By Todd Johnson
I am thinking I had this list done about three weeks ago. I wanted to put it out almost immediately after the minor league season ended. After thinking about it, I thought I would just let it settle and edit it before I put it out. To be honest, it has changed much from when I wrote it to today. In fact, I was reconsidering re-ordering 5-9 all night.
There are really only two major changes in this list from the summer. They are the inclusion of outfielders Jonathan Sierra and Nelson Velazquez. In fact, I had Velasquez shoot all the way into the top 10. The Cubs don’t have anybody like him in the system with his home run power and production.
I still think this list is pretty volatile. After the Arizona Fall League, I will think about mixing it up a bit. But with who is going to Arizona, I think only one prospect might improve their lot on the list.
The list could change quite a bit later this off-season as trades are made and injuries are revealed. I think the biggest risers and fallers next year will be at AA Tennessee. The Smokies will have pitchers Thomas Hatch, Trevor Clifton, Oscar de la Cruz, Duncan Robinson, Michael Rucker and position players Zack Short and Eddy Martinez. Those seven will determine how the rest of the list looks because production at AA signals that the product could be productive in Chicago.
South Bend’s rotation next year will also have a huge impact on the list as recent draft picks will be unleashed without any restrictions. Cory Abbott and Keegan Thompson are two pitchers who could make some waves in 2018 with some excellent performances next summer.
So, without further adieu, here is the current Top 21 list in video form.
By Todd Johnson
Usually most breakouts occur in the lower levels of the minor leagues. A prospect comes out and begins to let his talent shine for all to see. In the first half of 2017, this is mostly the case. This year, there are several prospects who are putting together some eye-popping performances, somewhat out of the blue. And many of them are showing that they could be assets at the MLB level.
Charcer Burks – He has just been outstanding as the lead off hitter for Tennessee. He is hitting .314 with a .412 OBP. I don’t think he is in Tennessee much after the All-Star break. If he can add some more power, I wonder if he’s closer to Chicago then anyone thinks, a lot closer. Add in a gold glove defense and he is becoming someone to think about at the next level.
Zack Short – He reminds me a lot of Mark Zagunis. He leads the Midwest league in walks (49) and put up an on-base percentage of over 400. Once he went into the leadoff spot, South Bend took off.
Wladimir Galindo – I have always been intrigued by Wladimir’s power potential. This year, he showed he can hit for average. He hit .290 with 4 HRs and 19 RBI before a broken leg ended his season. He will be back next year.
Jason Vosler – Hitting 12 home runs will get anyone noticed. Add in a .400 OBP at AA and you have Jason Vossler in 2017. He already tripled his HR output from last year and needs 2 RBI to equal last year’s as well. He has a nice smooth, quick stroke to the ball and hits lefties (.305) better than righties (.257). That’s not a skill you see everyday (except Rizzo).
Daniel Spingola – He adjusted his swing a little bit to create a little more lift and that has made all the difference this year. Every month he has hit between .280 and .300. He’s been the model of consistency.
Bryant Flete – As the lead off hitter for the Pelicans, he has made the team go. He is proven this year that he is more than just an organizational defensive player. He can hit and his average is testament to his hard work. He is stronger than people give him credit as he has 6 HRs to date.
Dillon Maples – It looks like he finally has it altogether after 5 years. He carved up the Carolina League this spring as a setup man and then a closer. Now off he his Tennessee doing the same. I watched his curveball destroy several hitters’ will to live or even swing a bat. Maples confounded the Twins’ top prospect, Nick Gordon, so much that it looked Gordon screwed himself into the ground swinging. Combined, he’s struck out 50 batters in 34 IP. He’s basically become a fastball/curve reliever. His FB comes in at 96-98 and his curve is in the mid to upper 80s at over 2000 RPM per Scott Kornberg.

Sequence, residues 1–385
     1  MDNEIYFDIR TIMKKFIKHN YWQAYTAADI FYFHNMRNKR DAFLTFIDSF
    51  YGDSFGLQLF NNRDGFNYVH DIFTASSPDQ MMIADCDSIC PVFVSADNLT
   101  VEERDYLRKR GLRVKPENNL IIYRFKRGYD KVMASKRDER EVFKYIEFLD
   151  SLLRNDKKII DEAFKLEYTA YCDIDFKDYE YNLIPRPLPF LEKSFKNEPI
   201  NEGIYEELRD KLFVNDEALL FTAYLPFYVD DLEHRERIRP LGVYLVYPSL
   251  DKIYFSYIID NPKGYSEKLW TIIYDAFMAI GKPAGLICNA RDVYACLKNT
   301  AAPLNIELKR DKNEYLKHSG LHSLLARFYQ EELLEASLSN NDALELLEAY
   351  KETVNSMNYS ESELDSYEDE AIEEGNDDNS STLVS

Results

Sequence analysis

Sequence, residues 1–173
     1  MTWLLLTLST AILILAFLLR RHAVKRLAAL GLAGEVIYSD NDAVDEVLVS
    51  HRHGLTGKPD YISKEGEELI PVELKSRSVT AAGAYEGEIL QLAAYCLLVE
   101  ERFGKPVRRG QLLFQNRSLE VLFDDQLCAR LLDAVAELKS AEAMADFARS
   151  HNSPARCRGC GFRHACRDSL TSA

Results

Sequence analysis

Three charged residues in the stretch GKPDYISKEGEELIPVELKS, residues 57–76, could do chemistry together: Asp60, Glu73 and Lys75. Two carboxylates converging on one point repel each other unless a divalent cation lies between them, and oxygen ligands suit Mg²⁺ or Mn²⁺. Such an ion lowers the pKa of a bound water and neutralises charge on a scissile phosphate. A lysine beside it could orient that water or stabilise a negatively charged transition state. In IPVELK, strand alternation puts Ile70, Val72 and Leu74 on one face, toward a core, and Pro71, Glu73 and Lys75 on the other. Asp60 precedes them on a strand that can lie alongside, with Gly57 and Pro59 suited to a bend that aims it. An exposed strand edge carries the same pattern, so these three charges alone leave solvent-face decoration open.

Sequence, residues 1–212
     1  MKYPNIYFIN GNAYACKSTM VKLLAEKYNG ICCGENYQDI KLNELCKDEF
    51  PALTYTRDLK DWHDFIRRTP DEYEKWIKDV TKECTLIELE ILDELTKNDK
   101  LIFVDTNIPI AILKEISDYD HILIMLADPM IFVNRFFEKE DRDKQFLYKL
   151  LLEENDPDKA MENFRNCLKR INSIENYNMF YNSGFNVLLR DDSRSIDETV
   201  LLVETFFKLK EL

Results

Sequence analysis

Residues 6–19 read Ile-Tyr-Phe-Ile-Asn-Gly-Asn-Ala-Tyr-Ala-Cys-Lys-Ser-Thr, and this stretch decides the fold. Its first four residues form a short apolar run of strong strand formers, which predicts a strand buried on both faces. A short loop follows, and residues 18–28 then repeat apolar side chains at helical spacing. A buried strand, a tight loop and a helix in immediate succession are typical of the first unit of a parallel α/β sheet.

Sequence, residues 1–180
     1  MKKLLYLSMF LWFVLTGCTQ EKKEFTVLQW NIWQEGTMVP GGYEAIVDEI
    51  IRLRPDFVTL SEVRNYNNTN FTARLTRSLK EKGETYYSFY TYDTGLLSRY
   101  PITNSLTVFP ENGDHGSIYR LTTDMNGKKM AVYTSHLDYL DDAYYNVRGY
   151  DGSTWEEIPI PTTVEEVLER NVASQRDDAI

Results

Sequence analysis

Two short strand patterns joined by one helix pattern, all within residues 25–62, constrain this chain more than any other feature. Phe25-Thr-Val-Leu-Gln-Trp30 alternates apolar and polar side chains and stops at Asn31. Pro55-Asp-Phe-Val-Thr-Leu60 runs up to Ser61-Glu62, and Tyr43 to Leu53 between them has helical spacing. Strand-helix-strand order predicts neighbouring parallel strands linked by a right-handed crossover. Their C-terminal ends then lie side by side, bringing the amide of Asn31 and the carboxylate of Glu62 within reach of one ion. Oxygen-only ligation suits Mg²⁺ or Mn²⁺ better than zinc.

Duncan Robinson – He has a monster curveball and an upper 80s/lower 90s fastball that runs in on the hands of right-handed hitters. He dominated the Midwest League, first in relief, then as a starter. I don’t know how long he’s going to be at South Bend, but I would say not much longer.
Michael Rucker – I really like what he can do on the mound. He attacks hitters with a low to mid 90s fastball all in the zone. He rarely walks anyone. His ability to throw strikes constantly inside has been the key. I wonder how long he is going to start this year versus being a reliever? He consistently hits 95/96 in relief and that could change the conversation about his usefulness.
Dakota Mekkes – He has been ungodly for South Bend and his first two outings at Myrtle Beach followed suit. He still needs to cut down on some walks, but his deceptive delivery allows him to strike out batters at an alarming rate.
Justin Steele – It looks like he is finally putting it together. He’s made 13 starts and has a 2.32 ERA. For the last two months, his monthly ERAs are 1.63 and 1.62. Outstanding! He has MLB type stuff and it looks like his harnessing both the physical and mental aspects of the game. However, his WHIP is a little high (1.39) but that tells me he is able to pitch out of trouble now.
Breakout Player of the First Half
Adbert Alzolay – He has been fantastic this year at Myrtle Beach. His fastball has been hitting 96 to 97 regularly and he is able to keep that up throughout the game – 6 to 7 innings deep. He’s struck out 67 in 70 IP with an ERA of 2.83. The three keywords to his success are: tempo, tempo, and tempo. There are other breakout pitchers who have put up better ERAs than Adbert, but they lack the power fastball that Adbert has been able to control and use efficiently to pitch 7 innings like a major league starter needs to do.
Most of these players will be on Monday’s All-Star Team for the First Half. Their performances have been year long and not just a flash in the pan. Though some have worked their way onto a prospect list, others above have not and they may never do so. However, they still have something to offer and their play is speaking volumes.
On Tuesday, I will be back to talk about some prospects who I think could break out in the second half. Most of them are going to be draft picks and players in Eugene and Mesa.